By Adam Easton
BBC News, Warsaw
Ms Tysiac was acting on medical advice when seeking an abortion
A Polish court has awarded $11,000 (7,400 euros) in damages to a woman likened to a child killer by a Catholic magazine for wanting an abortion.
The article also compared abortion to the experiments of Nazi war criminals at Auschwitz.
Alicja Tysiac had been warned by doctors when she became pregnant that she could go blind if she had her baby.
But she was denied an abortion - illegal in most cases in Poland - and her eyesight subsequently deteriorated.
The court in Katowice, southern Poland, ruled that the Catholic magazine, Gosc Niedzielny, had drawn clear parallels between Ms Tysiac's desire to have an abortion and the actions of Nazi war criminals.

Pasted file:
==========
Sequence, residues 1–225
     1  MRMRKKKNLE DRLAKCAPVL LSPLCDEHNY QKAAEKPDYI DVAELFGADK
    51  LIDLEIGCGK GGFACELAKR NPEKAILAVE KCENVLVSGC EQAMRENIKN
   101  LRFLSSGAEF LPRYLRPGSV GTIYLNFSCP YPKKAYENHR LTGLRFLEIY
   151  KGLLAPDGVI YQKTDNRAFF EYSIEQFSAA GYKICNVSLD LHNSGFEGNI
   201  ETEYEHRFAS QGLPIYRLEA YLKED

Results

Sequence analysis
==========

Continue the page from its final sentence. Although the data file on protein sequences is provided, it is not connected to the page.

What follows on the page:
The judge said it had shown "contempt, hostility and malice" towards the 38-year-old woman.
The judge said Catholics have the right to express their disapproval of abortion and even call it murder, but they did not have the right to vilify individuals.
Ms Tysiac's sight problems grew worse following the births of each of her three children.
Acting on medical advice, she decided to have an abortion when she became pregnant for a third time eight years ago but her gynaecologist refused to perform the procedure.
Poland has strict abortion regulations but they are allowed when the health of the mother or embryo is threatened.
Two years ago, the European Court of Human Rights ordered Poland to pay Ms Tysiac 25,000 euros ($36,000) in compensation.
The Catholic magazine wrote that she had been compensated for wanting to kill her child.
The magazine's editor-in-chief, Father Marek Gancarczyk, said the ruling was unfair and denied comparing Ms Tysiac to Nazi criminals.
His lawyers said they would use the principle of freedom of speech to appeal against the court's verdict.